To continue where the previous post left off, I’m now grafting chunks of skirt back together using the kitchener stitch because hey, I like to laugh in the face of potential knitpocalyse.
It’s not a quick process, partly because of frequent interruptions by Robyn-the-robin tapping on the window for more mealworms… or a passing twin asking, “Mummy, do birds have tongues?” or “Can you hear electricity?” or “When’s lunch?” At least Robyn is able to answer one of those questions:-
So, whilst we pace the length of the waiting room, hoping to hear that the patient (skirt) has survived surgery, may I please tell you about something cool? Look! :-
And this is its other side:-
It’s hundreds of years old, and I found it in the garden. Here’s the story.
So, we live in a very old converted brewery. As you might expect, we often find old bits and pieces buried or hidden around the place. Chunks of Victorian/Edwardian smoking pipe are a particularly common find, and I like to leave a few in plant pots, to look like a hundred-and-something-year-old smokers’ corner.
Once, we found a whole extra cellar, in addition to the legit, official cellar that was on the house details when we bought this place. Seriously, I’m not joking. The Stoic Spouse opened the secret hatch that we found in the floor of the downstairs loo, and let himself nervously down into the abyss below. There was a lot of rubble, and some railway lines. No, I don’t mean railway sleepers, I mean actual pieces of metal railway line. Weird. Understandably he backed off, and we’ve never opened that hatch since. There’s also a rumour of a tunnel from our (legit) cellar to the pub across the road, but we’ve never yet found it.
The other day I was evading my responsibilities to try and home-educate the children, by weeding the garden. I wasn’t expecting to find any artefacts because in the five years it took me to redevelop this garden, I dug over every single inch of ground to a depth that practically hit Australia. (In other news, I’m not prone to exaggeration at all.)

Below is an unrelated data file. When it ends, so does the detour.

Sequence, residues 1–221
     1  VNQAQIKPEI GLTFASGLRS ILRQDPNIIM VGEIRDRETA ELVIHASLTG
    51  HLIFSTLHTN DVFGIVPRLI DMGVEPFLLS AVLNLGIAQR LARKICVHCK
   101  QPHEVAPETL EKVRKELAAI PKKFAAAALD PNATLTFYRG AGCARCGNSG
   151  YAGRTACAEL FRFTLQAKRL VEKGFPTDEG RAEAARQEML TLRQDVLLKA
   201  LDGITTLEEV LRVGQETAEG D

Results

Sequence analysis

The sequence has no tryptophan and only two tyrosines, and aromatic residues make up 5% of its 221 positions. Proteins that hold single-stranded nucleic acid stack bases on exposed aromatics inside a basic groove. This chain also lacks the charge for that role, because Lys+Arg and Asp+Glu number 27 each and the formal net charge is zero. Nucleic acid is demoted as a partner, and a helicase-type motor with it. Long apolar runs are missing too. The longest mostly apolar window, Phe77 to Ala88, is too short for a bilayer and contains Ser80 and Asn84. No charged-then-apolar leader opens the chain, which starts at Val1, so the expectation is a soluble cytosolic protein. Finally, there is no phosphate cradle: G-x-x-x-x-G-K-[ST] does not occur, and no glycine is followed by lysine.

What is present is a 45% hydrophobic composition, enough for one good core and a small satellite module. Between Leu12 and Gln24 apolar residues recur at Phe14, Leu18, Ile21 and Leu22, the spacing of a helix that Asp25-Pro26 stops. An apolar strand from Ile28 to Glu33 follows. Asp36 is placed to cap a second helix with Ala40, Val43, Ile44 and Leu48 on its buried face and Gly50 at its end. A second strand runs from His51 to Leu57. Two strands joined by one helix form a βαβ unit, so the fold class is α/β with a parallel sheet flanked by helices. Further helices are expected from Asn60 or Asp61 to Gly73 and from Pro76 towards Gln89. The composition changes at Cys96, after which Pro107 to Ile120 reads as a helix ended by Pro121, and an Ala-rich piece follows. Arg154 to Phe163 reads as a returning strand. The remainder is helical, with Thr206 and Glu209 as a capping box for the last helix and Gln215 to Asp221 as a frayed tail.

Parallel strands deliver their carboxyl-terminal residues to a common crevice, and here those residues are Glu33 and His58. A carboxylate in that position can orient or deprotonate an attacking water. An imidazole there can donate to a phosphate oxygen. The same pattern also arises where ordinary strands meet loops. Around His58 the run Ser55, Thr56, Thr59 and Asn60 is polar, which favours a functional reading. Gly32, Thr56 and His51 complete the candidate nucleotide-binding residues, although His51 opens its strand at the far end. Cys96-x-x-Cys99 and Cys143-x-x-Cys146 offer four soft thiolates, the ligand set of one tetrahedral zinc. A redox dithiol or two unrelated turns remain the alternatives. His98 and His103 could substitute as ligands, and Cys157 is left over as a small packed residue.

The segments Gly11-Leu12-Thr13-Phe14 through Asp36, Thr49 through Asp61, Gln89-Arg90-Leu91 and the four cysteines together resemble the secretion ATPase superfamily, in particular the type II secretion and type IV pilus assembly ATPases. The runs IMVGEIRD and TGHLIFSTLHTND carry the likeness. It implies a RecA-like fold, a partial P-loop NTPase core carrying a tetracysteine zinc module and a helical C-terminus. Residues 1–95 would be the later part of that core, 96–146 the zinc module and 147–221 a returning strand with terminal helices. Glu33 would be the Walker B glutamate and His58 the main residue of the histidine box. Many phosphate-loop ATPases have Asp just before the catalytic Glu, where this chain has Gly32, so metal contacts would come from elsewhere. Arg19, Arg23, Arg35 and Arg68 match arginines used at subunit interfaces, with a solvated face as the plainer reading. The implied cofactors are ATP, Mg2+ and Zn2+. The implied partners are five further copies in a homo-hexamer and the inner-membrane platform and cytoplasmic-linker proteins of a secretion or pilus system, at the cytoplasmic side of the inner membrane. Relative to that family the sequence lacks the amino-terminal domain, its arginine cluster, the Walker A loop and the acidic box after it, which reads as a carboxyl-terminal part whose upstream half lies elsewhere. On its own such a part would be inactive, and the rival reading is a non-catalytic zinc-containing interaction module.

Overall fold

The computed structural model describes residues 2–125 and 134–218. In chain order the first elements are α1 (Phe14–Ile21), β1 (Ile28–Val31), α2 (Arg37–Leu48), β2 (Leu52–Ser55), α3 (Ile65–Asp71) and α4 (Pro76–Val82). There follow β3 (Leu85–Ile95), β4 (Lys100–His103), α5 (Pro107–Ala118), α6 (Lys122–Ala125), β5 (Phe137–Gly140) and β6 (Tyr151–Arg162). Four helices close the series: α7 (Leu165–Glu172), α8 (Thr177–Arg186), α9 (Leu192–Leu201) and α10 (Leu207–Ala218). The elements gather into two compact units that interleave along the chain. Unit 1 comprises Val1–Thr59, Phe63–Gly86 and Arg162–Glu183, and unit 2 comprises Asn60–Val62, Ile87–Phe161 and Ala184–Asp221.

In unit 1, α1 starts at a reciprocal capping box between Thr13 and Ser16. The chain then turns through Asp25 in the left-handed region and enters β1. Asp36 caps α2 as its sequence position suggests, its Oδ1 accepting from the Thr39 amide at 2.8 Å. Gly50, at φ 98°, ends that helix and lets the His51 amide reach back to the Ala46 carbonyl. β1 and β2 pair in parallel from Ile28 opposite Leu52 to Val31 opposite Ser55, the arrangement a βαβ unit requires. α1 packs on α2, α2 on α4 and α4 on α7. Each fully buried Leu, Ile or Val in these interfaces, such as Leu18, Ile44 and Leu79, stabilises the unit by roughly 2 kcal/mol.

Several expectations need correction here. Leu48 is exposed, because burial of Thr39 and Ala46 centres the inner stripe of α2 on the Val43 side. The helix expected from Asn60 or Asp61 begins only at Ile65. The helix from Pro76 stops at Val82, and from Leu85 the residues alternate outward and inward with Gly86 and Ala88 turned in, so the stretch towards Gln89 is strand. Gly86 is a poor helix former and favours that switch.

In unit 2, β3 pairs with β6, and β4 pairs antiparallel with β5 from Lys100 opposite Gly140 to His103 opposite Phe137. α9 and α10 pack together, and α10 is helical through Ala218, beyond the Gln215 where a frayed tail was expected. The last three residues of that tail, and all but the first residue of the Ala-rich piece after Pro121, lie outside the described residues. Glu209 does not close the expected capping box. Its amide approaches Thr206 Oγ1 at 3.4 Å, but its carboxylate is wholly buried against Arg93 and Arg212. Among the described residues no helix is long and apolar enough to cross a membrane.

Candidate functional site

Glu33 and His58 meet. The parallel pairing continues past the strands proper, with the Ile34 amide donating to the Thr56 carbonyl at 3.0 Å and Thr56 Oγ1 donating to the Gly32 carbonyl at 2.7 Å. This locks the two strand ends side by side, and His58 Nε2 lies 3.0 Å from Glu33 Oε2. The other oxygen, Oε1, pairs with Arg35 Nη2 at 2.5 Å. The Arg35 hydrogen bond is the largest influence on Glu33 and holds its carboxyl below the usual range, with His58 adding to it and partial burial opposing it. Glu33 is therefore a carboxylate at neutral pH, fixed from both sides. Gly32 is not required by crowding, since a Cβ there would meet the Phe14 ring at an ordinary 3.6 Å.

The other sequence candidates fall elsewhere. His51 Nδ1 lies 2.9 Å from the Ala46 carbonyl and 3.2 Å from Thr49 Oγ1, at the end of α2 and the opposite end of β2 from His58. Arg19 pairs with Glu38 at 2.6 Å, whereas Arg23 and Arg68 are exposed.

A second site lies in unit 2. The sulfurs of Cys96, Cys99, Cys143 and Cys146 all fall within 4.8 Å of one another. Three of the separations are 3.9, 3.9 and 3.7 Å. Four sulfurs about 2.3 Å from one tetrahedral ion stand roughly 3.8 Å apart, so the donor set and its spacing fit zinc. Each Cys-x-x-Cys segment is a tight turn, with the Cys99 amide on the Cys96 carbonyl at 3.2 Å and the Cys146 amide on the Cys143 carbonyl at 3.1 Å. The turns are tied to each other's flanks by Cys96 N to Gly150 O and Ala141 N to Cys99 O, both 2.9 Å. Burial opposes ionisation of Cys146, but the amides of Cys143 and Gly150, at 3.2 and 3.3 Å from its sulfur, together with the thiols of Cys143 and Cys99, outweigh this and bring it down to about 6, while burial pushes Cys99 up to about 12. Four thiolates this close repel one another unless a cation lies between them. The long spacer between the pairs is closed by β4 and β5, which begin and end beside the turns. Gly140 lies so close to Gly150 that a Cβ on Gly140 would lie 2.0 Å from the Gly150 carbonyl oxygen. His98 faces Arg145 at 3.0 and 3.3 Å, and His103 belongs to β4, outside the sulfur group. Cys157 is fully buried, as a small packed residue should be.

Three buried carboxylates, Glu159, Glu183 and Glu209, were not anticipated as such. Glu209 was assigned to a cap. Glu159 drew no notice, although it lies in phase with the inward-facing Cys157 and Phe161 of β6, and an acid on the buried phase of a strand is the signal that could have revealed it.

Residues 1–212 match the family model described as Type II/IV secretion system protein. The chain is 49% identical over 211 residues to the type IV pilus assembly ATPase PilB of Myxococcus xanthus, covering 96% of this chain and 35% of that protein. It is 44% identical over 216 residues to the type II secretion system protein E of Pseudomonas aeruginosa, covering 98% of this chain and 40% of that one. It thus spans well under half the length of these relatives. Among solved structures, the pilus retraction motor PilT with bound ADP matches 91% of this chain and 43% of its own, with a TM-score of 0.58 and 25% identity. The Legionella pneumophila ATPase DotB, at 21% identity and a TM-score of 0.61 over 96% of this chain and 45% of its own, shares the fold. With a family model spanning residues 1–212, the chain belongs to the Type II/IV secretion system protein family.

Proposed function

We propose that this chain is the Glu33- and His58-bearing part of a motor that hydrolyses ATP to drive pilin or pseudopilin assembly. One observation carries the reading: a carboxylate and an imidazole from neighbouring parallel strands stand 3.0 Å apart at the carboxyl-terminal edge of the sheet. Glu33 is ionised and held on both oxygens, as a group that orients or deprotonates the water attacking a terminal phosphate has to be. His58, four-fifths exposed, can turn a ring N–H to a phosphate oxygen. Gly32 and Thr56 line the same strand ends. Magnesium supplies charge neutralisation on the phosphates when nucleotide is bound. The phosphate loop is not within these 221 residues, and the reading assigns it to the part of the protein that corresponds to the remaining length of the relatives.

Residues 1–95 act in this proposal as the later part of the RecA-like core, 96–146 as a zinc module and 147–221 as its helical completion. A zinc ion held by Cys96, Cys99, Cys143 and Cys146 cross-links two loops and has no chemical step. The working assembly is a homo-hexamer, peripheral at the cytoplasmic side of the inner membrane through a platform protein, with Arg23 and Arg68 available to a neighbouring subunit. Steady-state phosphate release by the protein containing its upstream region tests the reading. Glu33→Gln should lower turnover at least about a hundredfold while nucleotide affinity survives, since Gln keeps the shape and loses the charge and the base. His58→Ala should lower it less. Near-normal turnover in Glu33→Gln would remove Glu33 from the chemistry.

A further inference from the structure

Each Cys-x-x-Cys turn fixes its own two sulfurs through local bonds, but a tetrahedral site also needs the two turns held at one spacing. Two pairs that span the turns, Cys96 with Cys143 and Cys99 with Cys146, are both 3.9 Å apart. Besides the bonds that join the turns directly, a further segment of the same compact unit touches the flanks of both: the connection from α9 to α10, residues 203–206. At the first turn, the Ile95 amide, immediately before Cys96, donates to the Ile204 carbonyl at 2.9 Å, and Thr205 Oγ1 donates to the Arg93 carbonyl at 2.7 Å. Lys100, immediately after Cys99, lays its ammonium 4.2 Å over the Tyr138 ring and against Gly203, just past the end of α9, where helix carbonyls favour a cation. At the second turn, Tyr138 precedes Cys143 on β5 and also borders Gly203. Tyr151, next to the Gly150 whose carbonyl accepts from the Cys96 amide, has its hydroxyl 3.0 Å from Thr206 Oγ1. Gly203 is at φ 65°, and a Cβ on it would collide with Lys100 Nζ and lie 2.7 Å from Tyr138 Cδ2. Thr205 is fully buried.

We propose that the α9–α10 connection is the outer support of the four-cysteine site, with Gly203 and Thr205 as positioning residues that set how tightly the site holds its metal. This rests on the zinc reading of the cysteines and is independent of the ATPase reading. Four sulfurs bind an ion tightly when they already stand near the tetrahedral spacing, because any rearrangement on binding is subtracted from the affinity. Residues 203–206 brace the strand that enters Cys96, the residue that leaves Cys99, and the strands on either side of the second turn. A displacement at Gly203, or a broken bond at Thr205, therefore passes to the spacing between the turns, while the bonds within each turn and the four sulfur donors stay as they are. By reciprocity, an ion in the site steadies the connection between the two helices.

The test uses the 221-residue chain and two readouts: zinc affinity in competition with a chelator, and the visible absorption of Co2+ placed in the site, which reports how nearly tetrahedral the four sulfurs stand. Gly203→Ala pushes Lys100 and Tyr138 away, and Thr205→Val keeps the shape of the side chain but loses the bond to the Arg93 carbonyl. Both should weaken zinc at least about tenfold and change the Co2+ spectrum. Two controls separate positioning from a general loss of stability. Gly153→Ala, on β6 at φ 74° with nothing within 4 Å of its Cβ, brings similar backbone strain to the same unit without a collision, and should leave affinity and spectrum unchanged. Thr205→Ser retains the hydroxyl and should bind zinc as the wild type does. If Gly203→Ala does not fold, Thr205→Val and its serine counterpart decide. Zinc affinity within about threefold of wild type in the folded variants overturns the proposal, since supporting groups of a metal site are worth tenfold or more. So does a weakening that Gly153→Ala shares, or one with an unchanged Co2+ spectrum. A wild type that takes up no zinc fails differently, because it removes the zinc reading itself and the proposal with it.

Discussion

But then I found this thing.
It’s just under an inch across, and its weight and colour made me assume that it’s made of lead. But that was where my insight ended. A helpful archaeological friend put me in touch with our local finds officer, and I sent him the details. I didn’t expect a response for some time, but I guess that the global pandemic has interrupted most of his usual activities, so I had a reply within an hour. Here’s what he said:-
My first impression is that you have a Medieval to Post Medieval (AD 1200 – 1800) lead token. The date range on these is huge because we get lots of them and they vary a huge amount in form! They can be used for lots of different purposes, as gaming counters, weights, trade tokens and more.
Interesting, if a little non-specific! So it’s anywhere from two hundred to eight hundred years old. Our village is plenty older than that range, so anything is possible. I’m going to try and find out more. I wonder who dropped it, and why. I wonder what they used it for, how they came to have it. It’s been difficult to find out much about the history of our home, but I can’t help wondering about the lives that have passed this way before.
Somehow, I’m going to get more information. And when I do, I’ll let you know.
And in the meantime, I’ll just have to get on with the knitting.